DECEMBER 2, 2002 VOLUME 10, NUMBER 22
Involving a lawyer usually helps to ensure that one’s wishes are carried out after death. As reported in last week’s Elder Law Issues, however, that is not always the result. It is important that the lawyer actually meets with and counsels the person signing a will—as is demonstrated in the case of Manival (“Doc”) Evans.
Doc Evans was eighty-nine when he was admitted to a Mississippi hospital, his cancer advanced and terminal. His close friend Madie Tinsley called attorney Marshall Sanders and told him that Mr. Evans wanted to redo his will. The attorney told her that he would not be able to meet with Mr. Evans in the hospital, and suggested that Ms. Tinsley get him a description of what Mr. Evans wanted.
Some time later Ms. Tinsley gave the attorney a description of what Mr. Evans wanted his will to say. The handwritten document, she assured him, was prepared by Mr. Evans. Based on that Mr. Sanders prepared a will for Mr. Evans.
Rather than meet with Mr. Evans to review the will, however, attorney Sanders handed the original to Ms. Tinsley, instructed her that she would need two witnesses and told her to go ahead and have Mr. Evans sign the will. Ms. Tinsley carried the original in her purse for three days, producing it for Mr. Evans’ signature while her own brother and daughter-in-law were visiting—they signed as witnesses.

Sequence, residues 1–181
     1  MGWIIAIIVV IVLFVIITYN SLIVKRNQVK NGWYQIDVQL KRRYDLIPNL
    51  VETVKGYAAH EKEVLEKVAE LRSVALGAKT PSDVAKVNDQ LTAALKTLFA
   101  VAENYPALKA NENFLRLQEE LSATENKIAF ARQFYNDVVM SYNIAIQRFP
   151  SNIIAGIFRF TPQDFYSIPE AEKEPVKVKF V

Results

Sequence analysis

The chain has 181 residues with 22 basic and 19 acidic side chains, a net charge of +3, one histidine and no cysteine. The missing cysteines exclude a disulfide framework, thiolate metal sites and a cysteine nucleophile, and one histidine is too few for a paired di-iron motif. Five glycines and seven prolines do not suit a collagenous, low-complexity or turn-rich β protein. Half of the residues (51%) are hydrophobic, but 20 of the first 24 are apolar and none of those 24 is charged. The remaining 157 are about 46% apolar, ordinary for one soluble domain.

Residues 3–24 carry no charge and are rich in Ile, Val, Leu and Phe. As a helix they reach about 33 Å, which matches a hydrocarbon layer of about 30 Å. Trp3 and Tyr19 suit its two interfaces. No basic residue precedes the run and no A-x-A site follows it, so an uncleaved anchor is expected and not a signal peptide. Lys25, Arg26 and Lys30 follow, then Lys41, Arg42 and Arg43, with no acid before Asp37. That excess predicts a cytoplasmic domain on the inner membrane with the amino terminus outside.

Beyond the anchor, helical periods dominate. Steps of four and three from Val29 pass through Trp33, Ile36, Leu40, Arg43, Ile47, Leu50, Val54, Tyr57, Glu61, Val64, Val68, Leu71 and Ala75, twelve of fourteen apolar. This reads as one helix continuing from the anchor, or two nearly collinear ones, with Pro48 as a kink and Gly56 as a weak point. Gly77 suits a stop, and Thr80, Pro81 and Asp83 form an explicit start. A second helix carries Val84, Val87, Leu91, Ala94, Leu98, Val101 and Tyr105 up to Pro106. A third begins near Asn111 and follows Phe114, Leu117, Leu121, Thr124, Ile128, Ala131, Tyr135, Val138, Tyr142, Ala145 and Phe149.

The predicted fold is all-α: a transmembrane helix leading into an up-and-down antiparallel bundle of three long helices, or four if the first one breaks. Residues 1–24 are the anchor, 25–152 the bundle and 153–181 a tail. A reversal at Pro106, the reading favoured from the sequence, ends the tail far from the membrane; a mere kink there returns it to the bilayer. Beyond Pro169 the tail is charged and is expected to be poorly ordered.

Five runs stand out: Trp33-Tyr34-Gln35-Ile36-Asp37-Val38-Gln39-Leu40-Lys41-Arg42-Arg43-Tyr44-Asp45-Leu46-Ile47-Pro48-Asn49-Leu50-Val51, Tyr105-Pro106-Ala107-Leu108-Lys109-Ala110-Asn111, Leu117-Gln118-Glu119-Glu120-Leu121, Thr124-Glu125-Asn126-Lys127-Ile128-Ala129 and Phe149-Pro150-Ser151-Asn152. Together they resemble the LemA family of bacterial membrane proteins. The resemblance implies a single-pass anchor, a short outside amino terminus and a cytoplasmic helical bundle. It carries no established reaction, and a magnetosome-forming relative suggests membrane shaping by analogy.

When Mr. Evans died two weeks later, Ms. Tinsley offered the will for probate. It named her as the estate’s sole beneficiary, and appointed her as executrix.
Was Mr. Evans competent when he signed the will? Was he subject to undue influence by Ms. Tinsley? Did the will represent his true wishes? No one other than Ms. Tinsley may ever know. Because he never met his “client,” attorney Sanders could not testify about Mr. Evans’ competence or wishes. The handwritten instructions were no longer available (though it is not clear what happened to them). Although Mr. Evans’ doctors testified that he was surprisingly competent, given his condition, they had not discussed financial matters with him and so could not provide any insight into his ability to sign a will.
Because Ms. Tinsley had been involved in Mr. Evans’ financial affairs, because she had made the appointment with the attorney and the attorney had never met Mr. Evans, and because the fee for preparation of the will had been paid by Ms. Tinsley from her own money, the will was held to be invalid. If Mr. Evans truly intended to leave his estate to Ms. Tinsley, attorney Sanders did not help him do so. Estate of Evans, November 12, 2002.